By Keith Allison
March 11, 2014
As NYU continues to expand its global presence, and as more critical University functions take place across world-spanning networks, it is increasingly important to protect sensitive data as it is transmitted from one location to another. There are a number of tools available to assist in protecting online data and transfers, and among the most important is the Virtual Private Network, or VPN.
The NYU-NET computer network—the way you connect to the Internet from an NYU facility such as a dorm, office, or classroom—was built with a substantial level of security that helps keep your data private. However, not all networks have the same amount of protection built into them. VPN enables you to extend the protections of NYU-NET to any network: at an airport, in a cafe, even in another country. Several NYU services require the use of VPN when you are not directly connected to NYU-NET, and it is likely the number of applications requiring VPN will expand in the future. Even when VPN isn't required, however, it is a suggested security measure to use it when you are connecting to an insecure or unfamiliar network.
NYU has offered a VPN service to the community for some time, using the Cisco IPsec VPN software (or VPN "client"). Recently, a new version of the VPN client was made available for download. This new software, called Cisco AnyConnect VPN, makes it even easy to connect from many of NYU's locations, and from a wider range of devices, including Android devices, which were not previously supported. Support for the old Cisco IPsec software client is being discontinued by Cisco, so you should begin using the new AnyConnect client as soon as you have the opportunity.
Downloading and creating a new connection in the AnyConnect VPN software will help protect your data, as well as the data of your NYU peers. Click the appropriate link below for instructions on installing and configuring the new VPN client for your device or computer's operating system.
Once you have set up the VPN client and established a connection (or connections) to NYU VPN, you can use it by simply opening the software and selecting the NYU VPN listing from the pull-down menu on a computer or the list on a mobile device. You will need to do this each time you want to use VPN. If you are based in the United States, but are going to be traveling to one of NYU's other global locations that has its own VPN tunnel, you may wish to set up a secondary connection for the local VPN server, as it will provide faster speeds than connecting back to the NYU-NY VPN server. To do this, open the AnyConnect client and follow the instructions for your operating system or device in the knowledge base articles listed above.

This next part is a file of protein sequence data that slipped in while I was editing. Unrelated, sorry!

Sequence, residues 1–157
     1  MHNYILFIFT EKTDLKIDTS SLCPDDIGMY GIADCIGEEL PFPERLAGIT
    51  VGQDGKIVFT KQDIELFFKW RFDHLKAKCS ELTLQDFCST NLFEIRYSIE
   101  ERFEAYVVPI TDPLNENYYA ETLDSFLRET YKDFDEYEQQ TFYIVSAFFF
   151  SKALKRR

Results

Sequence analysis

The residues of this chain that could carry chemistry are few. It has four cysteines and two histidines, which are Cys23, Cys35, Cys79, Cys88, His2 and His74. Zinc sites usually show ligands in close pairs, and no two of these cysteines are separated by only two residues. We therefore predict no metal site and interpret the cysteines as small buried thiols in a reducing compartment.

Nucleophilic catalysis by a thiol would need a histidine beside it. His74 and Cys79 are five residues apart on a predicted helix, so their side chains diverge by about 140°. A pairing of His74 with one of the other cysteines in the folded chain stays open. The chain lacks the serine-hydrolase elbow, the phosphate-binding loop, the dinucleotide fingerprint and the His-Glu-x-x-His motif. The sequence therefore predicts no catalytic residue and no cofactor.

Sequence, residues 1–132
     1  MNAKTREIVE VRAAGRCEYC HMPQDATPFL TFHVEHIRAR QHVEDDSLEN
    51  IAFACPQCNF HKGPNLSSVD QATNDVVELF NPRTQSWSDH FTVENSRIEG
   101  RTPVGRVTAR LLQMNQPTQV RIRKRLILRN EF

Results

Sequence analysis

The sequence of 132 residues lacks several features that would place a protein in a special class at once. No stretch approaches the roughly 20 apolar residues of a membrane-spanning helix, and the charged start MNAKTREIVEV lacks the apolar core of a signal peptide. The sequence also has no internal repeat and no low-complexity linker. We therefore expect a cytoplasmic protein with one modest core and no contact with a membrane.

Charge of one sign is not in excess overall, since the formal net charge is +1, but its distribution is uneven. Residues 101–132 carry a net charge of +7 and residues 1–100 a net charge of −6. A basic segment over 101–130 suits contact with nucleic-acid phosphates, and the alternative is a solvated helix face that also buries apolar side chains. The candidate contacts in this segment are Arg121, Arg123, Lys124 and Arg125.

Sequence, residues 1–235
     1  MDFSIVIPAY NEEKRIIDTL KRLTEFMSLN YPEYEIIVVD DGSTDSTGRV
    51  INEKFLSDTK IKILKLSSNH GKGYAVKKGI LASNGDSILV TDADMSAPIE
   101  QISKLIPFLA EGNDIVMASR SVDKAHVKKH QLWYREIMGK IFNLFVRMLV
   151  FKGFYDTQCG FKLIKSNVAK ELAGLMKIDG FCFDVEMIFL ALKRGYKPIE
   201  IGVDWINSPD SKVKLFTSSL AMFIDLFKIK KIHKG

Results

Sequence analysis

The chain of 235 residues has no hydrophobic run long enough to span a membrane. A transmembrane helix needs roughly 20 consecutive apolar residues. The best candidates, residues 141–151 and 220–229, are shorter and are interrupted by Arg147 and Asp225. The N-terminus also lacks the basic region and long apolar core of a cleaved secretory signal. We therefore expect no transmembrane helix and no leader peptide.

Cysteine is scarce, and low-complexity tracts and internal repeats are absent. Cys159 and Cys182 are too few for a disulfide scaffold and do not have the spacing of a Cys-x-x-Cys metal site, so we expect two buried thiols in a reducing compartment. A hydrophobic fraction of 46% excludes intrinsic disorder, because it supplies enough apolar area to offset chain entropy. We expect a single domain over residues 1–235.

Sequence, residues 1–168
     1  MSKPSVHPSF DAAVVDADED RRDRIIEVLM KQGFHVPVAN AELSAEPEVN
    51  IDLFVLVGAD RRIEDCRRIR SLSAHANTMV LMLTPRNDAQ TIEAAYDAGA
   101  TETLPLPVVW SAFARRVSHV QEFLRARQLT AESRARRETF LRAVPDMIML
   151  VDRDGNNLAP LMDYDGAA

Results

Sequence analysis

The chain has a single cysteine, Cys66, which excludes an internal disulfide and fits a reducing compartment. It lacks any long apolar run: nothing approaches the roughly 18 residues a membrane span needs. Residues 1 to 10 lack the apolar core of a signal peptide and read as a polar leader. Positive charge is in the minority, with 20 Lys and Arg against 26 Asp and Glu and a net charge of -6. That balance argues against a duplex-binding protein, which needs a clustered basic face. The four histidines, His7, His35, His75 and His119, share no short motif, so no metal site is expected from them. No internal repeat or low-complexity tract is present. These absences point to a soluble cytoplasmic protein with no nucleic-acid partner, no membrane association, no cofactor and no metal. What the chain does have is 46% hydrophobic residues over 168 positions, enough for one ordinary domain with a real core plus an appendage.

Remember, you do not need to use VPN if you are connected directly to NYU-NET (in your campus office, for example, or from a computer lab). Also, VPN connections are set to disconnect (or "time out") after three hours of inactivity or after 72 hours even when active. If you are disconnected, you will have to reconnect; this includes timing out as well as manually disconnecting or losing your connection because you have turned off or rebooted your computer.
Once it's set up, using VPN can become second nature. NYU ITS provides many VPN-related knowledge base articles to assist you with configuring, using, and troubleshooting a VPN connection. If you experience any issues connecting to the VPN service abroad or while in the United States and need assistance, please contact NYU's IT Service Desk. To learn more about VPN technology in general, see Wikipedia's article on Virtual Private Networks.
Keith Allison is part of the ITS Publications & Communications group and the Editor of Connect: IT at NYU.